Helicopter pilot ‘did not hear radio call’ before mid-air Gold Coast crash that killed four
A helicopter pilot did not hear a radio call from another chopper before a mid-air crash that killed a British couple and two others, an investigation has found.
The Australian Transport Safety Bureau’s (ATSB) preliminary report into the crash between two sightseeing helicopters on the Gold Coast in January said the pilots may not have been able to see each other, but detailed how passengers desperately tried to raise the alarm.
Diane, 57, and Ron Hughes, 65, from Neston, Cheshire, died in the collision at around 2pm local time – 4am GMT – on Monday January 2 in Main Beach, not far from Sea World in the state of Queensland.
Queensland Police said the pilot and three passengers died at the scene, including a pair travelling from the UK – and a woman, 36, from Glenmore Park, in New South Wales.
The report details factual information and the accident’s sequence of events but contains no findings.
One helicopter with a pilot and five passengers on board was on approach to land at a helipad next to the Sea World theme park and the second, with a pilot and six passengers, had just departed a separate but nearby helipad within the theme park when they collided above the Broadwater, the ATSB said.
The report details how the pilot of helicopter XH9 reported that they did not hear a taxi call over the radio from the pilot of XKQ.
“This does not necessarily mean that a taxi call was not made and this topic will be subject to detailed analysis by the ATSB investigation. The pilot of XH9 also reported that they did not see XKQ depart from the park helipad,” the report said.
The report details how two passengers on board helicopter XH9 spotted the oncoming helicopter XKQ.
“Understanding the helicopter would only get closer, at least one passenger attempted verbal guidance to the pilot”, the report said.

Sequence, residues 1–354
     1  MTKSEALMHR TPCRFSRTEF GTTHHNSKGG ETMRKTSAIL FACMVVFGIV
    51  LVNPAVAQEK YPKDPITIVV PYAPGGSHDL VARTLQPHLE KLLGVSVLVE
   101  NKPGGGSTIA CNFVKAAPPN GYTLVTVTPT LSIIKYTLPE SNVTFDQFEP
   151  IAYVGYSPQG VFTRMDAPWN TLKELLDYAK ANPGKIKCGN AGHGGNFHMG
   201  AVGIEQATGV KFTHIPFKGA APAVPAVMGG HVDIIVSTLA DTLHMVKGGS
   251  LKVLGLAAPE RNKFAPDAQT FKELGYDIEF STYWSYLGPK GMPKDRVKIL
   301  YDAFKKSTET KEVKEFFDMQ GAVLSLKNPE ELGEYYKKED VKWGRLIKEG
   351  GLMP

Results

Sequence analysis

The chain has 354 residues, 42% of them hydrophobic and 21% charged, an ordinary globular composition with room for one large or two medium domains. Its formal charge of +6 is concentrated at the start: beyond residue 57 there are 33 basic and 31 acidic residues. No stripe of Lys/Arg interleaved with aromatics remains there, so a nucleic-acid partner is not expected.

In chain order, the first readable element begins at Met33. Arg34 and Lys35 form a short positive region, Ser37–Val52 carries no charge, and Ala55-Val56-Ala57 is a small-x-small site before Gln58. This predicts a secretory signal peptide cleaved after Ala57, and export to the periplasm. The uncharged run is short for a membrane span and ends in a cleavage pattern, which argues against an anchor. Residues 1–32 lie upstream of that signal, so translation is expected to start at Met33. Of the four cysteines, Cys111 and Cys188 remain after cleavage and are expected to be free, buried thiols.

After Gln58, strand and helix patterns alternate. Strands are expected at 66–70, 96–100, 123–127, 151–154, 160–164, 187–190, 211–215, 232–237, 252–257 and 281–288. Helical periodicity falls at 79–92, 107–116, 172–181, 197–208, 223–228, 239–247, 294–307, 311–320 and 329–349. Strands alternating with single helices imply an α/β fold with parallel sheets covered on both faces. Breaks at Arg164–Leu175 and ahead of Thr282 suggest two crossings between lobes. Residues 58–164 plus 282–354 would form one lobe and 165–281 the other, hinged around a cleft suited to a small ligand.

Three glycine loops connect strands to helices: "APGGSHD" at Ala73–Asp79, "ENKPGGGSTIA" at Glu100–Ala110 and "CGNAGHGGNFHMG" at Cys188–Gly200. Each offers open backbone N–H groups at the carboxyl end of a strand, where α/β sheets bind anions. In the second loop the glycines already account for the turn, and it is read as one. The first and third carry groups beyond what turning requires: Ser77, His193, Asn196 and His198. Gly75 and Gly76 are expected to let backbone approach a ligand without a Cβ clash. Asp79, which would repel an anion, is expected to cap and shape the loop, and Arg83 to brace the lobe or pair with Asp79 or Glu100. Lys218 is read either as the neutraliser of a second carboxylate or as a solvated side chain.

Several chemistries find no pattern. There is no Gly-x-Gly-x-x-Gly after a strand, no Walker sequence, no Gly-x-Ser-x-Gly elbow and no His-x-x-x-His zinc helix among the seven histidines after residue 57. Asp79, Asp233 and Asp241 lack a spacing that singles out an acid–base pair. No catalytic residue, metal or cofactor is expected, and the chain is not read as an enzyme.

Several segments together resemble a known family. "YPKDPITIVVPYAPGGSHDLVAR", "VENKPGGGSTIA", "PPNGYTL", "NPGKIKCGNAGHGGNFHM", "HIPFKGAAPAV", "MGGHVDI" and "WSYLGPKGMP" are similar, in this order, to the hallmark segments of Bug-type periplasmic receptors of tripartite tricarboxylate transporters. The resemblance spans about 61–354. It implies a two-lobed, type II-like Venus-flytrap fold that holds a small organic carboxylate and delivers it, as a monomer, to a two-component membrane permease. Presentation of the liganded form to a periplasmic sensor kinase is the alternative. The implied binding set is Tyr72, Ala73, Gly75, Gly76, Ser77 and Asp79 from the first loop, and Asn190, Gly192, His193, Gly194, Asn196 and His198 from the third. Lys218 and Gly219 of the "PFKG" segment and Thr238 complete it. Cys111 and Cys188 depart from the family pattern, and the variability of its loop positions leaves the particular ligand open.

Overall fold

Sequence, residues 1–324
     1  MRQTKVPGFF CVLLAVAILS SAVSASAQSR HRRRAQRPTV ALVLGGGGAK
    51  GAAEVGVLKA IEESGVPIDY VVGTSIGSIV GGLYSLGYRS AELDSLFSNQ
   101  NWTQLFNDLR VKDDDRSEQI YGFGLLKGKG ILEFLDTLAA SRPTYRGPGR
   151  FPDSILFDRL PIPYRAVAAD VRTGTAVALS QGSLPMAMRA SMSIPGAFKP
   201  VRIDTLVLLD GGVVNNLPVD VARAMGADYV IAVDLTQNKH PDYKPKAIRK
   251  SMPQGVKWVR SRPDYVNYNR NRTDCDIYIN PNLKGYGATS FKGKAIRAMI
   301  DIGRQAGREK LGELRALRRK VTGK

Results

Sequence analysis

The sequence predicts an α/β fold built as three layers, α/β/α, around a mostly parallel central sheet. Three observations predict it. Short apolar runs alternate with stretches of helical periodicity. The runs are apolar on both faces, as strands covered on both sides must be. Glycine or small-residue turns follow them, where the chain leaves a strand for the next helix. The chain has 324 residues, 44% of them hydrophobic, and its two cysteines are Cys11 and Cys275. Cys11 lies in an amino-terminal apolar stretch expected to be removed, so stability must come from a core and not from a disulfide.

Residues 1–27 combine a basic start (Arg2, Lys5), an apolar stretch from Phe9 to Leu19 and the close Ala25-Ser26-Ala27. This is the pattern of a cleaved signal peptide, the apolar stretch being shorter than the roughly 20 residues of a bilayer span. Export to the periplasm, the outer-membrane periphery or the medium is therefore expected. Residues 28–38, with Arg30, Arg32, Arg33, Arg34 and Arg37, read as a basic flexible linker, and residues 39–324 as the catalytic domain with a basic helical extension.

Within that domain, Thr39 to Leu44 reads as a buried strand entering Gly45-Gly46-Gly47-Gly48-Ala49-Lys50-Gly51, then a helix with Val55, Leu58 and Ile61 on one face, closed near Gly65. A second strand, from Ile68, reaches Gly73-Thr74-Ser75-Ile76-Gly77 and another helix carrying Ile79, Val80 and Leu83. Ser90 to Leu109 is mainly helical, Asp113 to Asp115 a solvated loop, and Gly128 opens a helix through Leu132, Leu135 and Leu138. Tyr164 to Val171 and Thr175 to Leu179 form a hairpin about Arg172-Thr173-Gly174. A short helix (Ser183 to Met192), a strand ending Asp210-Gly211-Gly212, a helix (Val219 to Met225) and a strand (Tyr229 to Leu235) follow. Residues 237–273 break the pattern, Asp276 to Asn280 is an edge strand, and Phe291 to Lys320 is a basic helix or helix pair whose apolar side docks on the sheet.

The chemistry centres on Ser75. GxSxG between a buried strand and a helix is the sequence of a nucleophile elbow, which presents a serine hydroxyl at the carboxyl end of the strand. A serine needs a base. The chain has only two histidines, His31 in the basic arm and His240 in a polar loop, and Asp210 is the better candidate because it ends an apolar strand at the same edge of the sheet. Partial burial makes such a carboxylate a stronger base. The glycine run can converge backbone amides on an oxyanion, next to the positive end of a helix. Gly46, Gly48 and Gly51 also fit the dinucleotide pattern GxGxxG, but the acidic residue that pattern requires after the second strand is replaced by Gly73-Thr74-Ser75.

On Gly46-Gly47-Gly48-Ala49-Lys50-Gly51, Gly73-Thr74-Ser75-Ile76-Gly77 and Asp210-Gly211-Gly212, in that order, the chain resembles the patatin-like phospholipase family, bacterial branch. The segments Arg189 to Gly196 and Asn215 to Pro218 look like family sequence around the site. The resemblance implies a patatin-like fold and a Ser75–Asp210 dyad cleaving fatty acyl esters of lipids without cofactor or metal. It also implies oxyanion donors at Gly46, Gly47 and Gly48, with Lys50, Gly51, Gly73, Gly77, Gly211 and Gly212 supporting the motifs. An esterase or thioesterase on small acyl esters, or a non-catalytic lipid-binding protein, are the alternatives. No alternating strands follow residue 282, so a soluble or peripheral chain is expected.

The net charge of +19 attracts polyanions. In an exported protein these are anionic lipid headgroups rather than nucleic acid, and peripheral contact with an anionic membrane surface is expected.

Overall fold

“As the verbal guidance did not work, and anticipating a potential collision, one passenger physically alerted the pilot.
“The pilot of XH9 later recalled being alerted to the other helicopter by a passenger, but the pilot did not see XKQ approaching prior to the collision.”
At a height of about 130 ft, and 23 seconds into XKQ’s flight, the helicopters crashed.
Mobile phone footage taken by passengers in both helicopters showed images of the other helicopter, however, this does not mean that they were visible to either pilot, according to the report.
ATSB Chief Commissioner Angus Mitchell said: “The ATSB has released this preliminary report to detail the circumstances of this tragic accident as we currently understand them, but it is important to stress that we are yet to make findings.
“Our findings as to the contributing factors to this accident, and the analysis to support those findings, will be detailed in a final report to be released at the conclusion of our investigation.”
He added: “The investigation will look closely at the issues both pilots faced in seeing the other helicopter.
“We have already generated a 3D model of the view from the pilot’s seat from an exemplar EC130 helicopter which we will use as part of a detailed visibility study to help the investigation determine the impediments both pilots faced in sighting the other helicopter.”
Mr Mitchell said the investigation will also look more broadly beyond the issues of radio calls and visibility.
“The ATSB will also consider the operator’s procedures and practices for operating scenic flights in the Sea World area and the process for implementing the recently-acquired EC130 helicopters into operation, and will review the regulatory surveillance of the operator and similar operators.”
He said it will be “a complex and comprehensive investigation”, adding that if the ATSB identifies a critical safety issue during the investigation, it will immediately alert the relevant parties so they can take appropriate action.
The two Eurocopter EC130 helicopters were being operated by Sea World Helicopters, a separate corporate entity to the theme park, on five-minute scenic flights.